How many times has the volcano erupted?

  • The answer: It has only had three super-eruptions.

Vox reports that the Yellowstone supervolcano — which is thousands of times more powerful than a regular volcano — has only had three “truly enormous” super-eruptions in its history. One of those super-eruptions occurred 2.1 million years ago. Another happened 1.3 million years ago. And the most recent one occurred 664,000 years ago. As Vox explains, it’s possible that Yellowstone may never see another eruption that big again. Even if Yellowstone did erupt, it would be much more likely that a small eruption would occur.

Would there be any warning signs?

  • The answer: Most likely.

The odds of any Yellowstone eruption, big or small, remain low. But either way, scientists would likely see some warning signs ahead of time. Vox reports that a swarm of earthquakes in a specific region of the park could warn scientists about a smaller eruption, as magma makes it way to the surface. They would see more dramatic warning signs ahead of a bigger eruption. They could track intense seismic activity across Yellowstone, and it would take weeks or months for those earthquakes to break up the rocks above the magma for an eruption.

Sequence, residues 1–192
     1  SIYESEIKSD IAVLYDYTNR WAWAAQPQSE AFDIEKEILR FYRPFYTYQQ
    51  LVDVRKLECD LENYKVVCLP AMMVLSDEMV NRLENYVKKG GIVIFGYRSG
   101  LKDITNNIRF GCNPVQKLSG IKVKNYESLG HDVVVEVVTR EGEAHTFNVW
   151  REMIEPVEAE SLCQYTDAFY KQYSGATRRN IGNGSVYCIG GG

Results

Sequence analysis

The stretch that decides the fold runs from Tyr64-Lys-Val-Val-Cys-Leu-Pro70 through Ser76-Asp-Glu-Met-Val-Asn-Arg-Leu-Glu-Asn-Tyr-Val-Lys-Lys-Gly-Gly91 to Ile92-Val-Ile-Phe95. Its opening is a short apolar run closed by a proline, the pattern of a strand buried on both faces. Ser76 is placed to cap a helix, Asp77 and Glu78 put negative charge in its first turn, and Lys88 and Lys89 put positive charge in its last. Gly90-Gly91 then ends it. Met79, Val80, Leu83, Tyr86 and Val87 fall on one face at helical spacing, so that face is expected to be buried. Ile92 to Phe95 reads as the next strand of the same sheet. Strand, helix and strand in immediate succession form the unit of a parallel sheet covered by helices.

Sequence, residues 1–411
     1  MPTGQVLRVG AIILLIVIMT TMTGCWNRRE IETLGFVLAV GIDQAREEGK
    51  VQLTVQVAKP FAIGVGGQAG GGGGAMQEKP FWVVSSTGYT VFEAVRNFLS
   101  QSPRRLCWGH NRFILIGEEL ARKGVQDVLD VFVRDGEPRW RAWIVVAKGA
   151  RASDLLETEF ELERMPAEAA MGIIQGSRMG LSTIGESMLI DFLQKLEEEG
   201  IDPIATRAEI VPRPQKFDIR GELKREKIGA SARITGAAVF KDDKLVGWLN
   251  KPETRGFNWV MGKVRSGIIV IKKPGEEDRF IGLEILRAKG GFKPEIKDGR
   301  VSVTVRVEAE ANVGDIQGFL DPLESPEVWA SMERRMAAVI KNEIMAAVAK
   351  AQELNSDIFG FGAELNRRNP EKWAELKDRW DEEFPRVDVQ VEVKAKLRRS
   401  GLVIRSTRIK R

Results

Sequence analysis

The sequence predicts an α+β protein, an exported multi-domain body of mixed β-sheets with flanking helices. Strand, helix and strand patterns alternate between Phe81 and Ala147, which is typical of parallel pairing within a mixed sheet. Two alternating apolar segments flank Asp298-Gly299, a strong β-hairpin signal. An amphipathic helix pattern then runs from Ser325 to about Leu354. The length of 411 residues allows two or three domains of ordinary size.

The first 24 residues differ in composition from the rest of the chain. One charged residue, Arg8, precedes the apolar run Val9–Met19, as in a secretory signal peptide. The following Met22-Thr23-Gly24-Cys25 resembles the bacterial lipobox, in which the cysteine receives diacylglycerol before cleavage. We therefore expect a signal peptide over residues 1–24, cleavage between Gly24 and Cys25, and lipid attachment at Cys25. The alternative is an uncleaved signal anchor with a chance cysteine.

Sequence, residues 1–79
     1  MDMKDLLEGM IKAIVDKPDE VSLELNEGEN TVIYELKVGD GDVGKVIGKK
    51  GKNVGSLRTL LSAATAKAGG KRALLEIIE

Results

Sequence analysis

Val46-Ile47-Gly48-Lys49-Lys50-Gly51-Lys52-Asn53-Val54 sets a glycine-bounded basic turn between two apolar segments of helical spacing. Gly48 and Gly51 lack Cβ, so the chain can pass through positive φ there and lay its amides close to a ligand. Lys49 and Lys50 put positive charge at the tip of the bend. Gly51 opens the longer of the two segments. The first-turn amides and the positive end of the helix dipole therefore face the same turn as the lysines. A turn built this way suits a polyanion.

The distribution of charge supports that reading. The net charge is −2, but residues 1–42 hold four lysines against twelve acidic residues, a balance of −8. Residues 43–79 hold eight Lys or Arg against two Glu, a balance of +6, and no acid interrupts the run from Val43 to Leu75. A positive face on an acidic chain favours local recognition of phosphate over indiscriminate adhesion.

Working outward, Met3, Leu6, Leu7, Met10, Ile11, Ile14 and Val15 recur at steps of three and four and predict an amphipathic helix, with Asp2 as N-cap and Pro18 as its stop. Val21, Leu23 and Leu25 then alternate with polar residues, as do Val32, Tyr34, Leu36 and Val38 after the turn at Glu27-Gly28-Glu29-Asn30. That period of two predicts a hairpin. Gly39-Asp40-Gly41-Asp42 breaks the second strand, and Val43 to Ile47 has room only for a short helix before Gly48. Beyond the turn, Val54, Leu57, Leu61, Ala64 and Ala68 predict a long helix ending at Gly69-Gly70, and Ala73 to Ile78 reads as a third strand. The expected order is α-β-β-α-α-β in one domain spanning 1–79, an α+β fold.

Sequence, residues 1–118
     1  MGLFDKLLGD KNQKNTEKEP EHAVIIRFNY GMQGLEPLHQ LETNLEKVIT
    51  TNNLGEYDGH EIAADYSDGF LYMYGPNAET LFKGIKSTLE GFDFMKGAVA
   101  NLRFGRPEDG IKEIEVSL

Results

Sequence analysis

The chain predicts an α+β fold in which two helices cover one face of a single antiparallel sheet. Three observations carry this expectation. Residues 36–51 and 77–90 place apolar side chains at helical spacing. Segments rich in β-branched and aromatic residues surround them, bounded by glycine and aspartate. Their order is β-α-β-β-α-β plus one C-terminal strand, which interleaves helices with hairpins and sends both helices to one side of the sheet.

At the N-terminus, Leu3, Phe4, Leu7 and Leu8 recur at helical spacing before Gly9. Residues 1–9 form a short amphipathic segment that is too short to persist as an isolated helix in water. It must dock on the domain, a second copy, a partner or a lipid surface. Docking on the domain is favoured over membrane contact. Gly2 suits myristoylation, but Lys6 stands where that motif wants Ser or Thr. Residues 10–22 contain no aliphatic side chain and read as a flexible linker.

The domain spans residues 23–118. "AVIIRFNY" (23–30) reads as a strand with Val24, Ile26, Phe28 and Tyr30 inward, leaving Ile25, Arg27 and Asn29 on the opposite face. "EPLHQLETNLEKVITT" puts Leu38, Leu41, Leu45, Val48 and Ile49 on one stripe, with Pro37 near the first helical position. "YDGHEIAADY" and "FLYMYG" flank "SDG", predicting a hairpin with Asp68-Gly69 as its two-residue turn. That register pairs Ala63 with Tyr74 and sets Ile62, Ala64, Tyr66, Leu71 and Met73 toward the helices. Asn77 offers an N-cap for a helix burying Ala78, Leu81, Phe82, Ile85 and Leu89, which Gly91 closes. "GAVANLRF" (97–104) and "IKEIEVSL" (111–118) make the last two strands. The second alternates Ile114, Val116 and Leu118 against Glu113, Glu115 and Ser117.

Tell me again what the odds of an eruption are?

  • The answer: Very low. Only 0.00014% in a given year.

Vox reports that the odds of Yellowstone erupting in any given year — if you look at the last three eruptions — are 0.00014%. That’s lower than the odds of getting hit by a civilization-destroying asteroid, the publication reports. However, it’s entirely possible that Yellowstone will never erupt again. Volcanoes do die out. And the magma chamber beneath the park could eventually solidify. Plus, the hotspot is slowly moving out from under Yellowstone, and another supervolcano could take a million years or longer to heat up and melt the crust.

Read more: 7 Fascinating Yellowstone National Park Facts Donald Trump Should Appreciate More